David McKinnonIn recent years, equalization and other regional subsidies have captured the attention of many Albertans. Much useful research has been done at the University of Calgary and by the former Wildrose Party. There has been extensive comment in Alberta’s media on Canada’s fiscal arrangements, including equalization.

Issues connected with regional subsidies are important to all Canadians, even if public interest in them is most intense in Alberta. Equalization costs $20 billion a year and subsidies to regions are incorporated in other federal activities, including employment insurance, the management of airports and federal employment patterns.

Unfortunately, too much public debate – in Alberta and elsewhere – is focused on the way equalization payments are calculated and downplays other important issues relating to the regional subsidy system.

The first question that’s ignored is whether Canada’s huge system of regional subsidies is effective. The second is whether equalization and other regional subsidies conform to standards of program design for Canadian governments. The third is whether the system is fair and treats similarly situated people in the same way. The final unexplored question is whether the subsidy effort contributes to Canadian unity.

There’s little doubt that the system has been ineffective.

Even after 50 years of subsidies to six provinces, often totalling several thousand dollars per person per year, Prince Edward Island, Newfoundland and Labrador, Nova Scotia and New Brunswick are at or near the bottom in a Conference Board of Canada study of the economic performance of 26 jurisdictions. Quebec is not far behind.

Canada’s regional subsidy system doesn’t meet any of the normal standards for effective design of government programs. Programs are supposed to be assessed in relation to goals, their design should deal with all aspects of the problem being addressed and their impact should be measured.

A major goal of equalization and other regional subsidies is to ensure comparability of provincial programming. But the federal government doesn’t measure comparability or the economic impact of the system.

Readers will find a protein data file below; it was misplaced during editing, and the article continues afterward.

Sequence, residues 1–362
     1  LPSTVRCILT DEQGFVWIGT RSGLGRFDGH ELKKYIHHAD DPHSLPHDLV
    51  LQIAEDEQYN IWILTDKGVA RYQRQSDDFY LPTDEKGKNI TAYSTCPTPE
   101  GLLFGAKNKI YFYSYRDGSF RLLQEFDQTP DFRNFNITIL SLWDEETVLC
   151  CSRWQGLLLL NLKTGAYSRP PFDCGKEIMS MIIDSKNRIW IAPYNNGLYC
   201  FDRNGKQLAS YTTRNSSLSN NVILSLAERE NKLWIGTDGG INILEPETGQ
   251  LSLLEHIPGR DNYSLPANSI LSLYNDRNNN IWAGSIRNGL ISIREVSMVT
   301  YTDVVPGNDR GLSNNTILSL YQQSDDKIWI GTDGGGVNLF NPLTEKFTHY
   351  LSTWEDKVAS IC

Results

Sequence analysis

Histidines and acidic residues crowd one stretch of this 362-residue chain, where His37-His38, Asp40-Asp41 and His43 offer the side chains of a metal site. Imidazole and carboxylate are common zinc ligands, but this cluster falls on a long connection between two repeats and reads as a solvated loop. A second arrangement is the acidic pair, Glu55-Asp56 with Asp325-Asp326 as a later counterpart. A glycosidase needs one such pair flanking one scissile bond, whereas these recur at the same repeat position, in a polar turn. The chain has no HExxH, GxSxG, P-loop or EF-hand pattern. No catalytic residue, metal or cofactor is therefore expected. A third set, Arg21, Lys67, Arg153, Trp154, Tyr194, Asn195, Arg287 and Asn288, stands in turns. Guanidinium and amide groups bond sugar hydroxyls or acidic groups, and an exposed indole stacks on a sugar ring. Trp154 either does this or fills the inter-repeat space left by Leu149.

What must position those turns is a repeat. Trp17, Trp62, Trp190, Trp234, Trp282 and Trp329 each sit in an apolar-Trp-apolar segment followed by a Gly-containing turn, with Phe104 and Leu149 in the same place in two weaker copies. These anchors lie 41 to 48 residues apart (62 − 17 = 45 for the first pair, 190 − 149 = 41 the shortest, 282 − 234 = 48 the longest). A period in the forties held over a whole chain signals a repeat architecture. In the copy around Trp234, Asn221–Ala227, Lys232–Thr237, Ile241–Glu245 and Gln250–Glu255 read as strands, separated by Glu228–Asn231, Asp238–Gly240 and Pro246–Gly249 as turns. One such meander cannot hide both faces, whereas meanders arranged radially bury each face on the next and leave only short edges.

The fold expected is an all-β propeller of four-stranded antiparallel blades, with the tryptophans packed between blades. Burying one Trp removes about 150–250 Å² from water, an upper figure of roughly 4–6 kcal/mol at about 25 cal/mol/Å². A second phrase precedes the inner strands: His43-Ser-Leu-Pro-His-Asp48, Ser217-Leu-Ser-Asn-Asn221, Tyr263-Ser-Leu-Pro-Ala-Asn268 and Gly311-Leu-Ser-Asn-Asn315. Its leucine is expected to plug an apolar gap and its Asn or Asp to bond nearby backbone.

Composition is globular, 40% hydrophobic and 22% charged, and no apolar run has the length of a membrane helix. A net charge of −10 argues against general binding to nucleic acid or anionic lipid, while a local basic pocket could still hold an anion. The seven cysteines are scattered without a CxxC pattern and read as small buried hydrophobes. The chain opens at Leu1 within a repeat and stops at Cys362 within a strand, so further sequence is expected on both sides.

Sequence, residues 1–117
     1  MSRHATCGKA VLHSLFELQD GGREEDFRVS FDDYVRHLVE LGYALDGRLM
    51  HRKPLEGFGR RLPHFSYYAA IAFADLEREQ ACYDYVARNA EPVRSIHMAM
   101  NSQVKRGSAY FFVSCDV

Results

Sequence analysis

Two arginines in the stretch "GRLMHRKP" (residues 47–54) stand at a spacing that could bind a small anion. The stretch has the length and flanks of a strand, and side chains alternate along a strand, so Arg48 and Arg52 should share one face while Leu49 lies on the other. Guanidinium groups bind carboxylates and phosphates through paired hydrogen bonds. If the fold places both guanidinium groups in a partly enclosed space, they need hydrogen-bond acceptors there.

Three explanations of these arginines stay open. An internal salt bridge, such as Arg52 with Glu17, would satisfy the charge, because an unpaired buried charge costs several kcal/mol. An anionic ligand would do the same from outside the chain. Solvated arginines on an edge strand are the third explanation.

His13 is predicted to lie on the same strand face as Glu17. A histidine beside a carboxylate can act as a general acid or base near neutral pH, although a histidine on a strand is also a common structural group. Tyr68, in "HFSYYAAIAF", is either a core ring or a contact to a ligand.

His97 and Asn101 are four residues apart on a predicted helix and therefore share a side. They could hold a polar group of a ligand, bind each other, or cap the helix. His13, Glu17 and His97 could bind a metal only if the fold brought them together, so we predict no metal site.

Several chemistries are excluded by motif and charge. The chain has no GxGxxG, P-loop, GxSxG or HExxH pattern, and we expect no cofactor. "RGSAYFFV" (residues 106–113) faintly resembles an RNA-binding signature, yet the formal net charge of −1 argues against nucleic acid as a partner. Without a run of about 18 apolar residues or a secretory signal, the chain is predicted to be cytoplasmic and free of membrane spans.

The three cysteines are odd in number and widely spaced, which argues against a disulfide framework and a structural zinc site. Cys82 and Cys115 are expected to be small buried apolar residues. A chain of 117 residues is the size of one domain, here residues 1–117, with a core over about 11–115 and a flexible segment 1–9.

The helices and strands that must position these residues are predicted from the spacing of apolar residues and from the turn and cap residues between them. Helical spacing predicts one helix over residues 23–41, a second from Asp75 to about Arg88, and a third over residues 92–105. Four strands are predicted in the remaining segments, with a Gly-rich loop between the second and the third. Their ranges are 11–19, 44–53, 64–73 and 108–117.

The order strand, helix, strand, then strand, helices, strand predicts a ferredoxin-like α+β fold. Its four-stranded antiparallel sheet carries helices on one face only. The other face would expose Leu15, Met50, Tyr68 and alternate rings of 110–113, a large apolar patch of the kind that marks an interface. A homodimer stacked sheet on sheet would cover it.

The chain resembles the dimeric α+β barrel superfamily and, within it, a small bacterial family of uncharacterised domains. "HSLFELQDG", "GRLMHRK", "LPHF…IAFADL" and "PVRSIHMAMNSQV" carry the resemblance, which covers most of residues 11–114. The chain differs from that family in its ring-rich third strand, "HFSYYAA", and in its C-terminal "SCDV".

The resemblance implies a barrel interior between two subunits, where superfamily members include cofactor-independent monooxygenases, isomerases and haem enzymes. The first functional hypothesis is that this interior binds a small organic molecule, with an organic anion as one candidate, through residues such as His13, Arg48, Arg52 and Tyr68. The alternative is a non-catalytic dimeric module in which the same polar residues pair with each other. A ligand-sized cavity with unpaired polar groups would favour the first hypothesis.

Population need, the most important element in designing any program that shifts funds from one part of the population to another, is not considered in determining equalization entitlements. The result is a program that has little to do with how Canadians live and work.

Fairness is perhaps the largest issue associated with equalization and other regional subsidies.

Ontario taxpayers contributed $96 billion to the federation in a recent 10-year period and Alberta’s taxpayers about $228 billion. These funds support provincial programming in other provinces that’s much more accessible than similar programming in Ontario and in some cases Alberta.

The funds also support public sectors in Atlantic Canada that are grossly excessive.

The Maritime provinces have two to three times the number of hospitals as Ontario in relation to population. P.E.I., with a population half that of Markham, Ont., absorbed $10 billion from other Canadians over a recent 10-year period to support its overdone public sector.

These problems negatively impact the daily lives of millions of people.

Only about a quarter of the unemployed in Ontario and Alberta receive unemployment benefits, a rate significantly lower than in all other provinces.

Equally situated people are not treated similarly in other respects. Self-employed fishers receive unemployment benefits when they’re out of work but no other category of self-employed worker is eligible for these benefits.

The final question is whether equalization and other regional subsidies contribute to Canadian unity.

In the short term, they contribute to unity because the Atlantic provinces, Quebec and Manitoba are dependent on them and abrupt change would bring dislocation and complaints about national unity.

In the medium and long term, the story is very different. There’s ample evidence that Canada’s regional subsidy system, especially equalization, encourages dependency, poor productivity, legitimate anger in provinces whose populations disproportionately contribute to it and it impairs Canada’s capacity to compete in the world.

There are alternatives. For example, equalization can be made conditional on creating a common services corporation in Atlantic Canada to deliver public services. It should also be a condition that recipient jurisdictions can’t block or prohibit activities that are underway elsewhere in environmentally sensitive ways.

Encouraging short-term stability at the expense of economic performance and fairness is folly, especially when alternate paths are available. This path is the real threat to national unity.

The concerns many Albertans are expressing about equalization are concerns all Canadians should share.

David MacKinnon is an analyst at the Frontier Centre for Public Policy.

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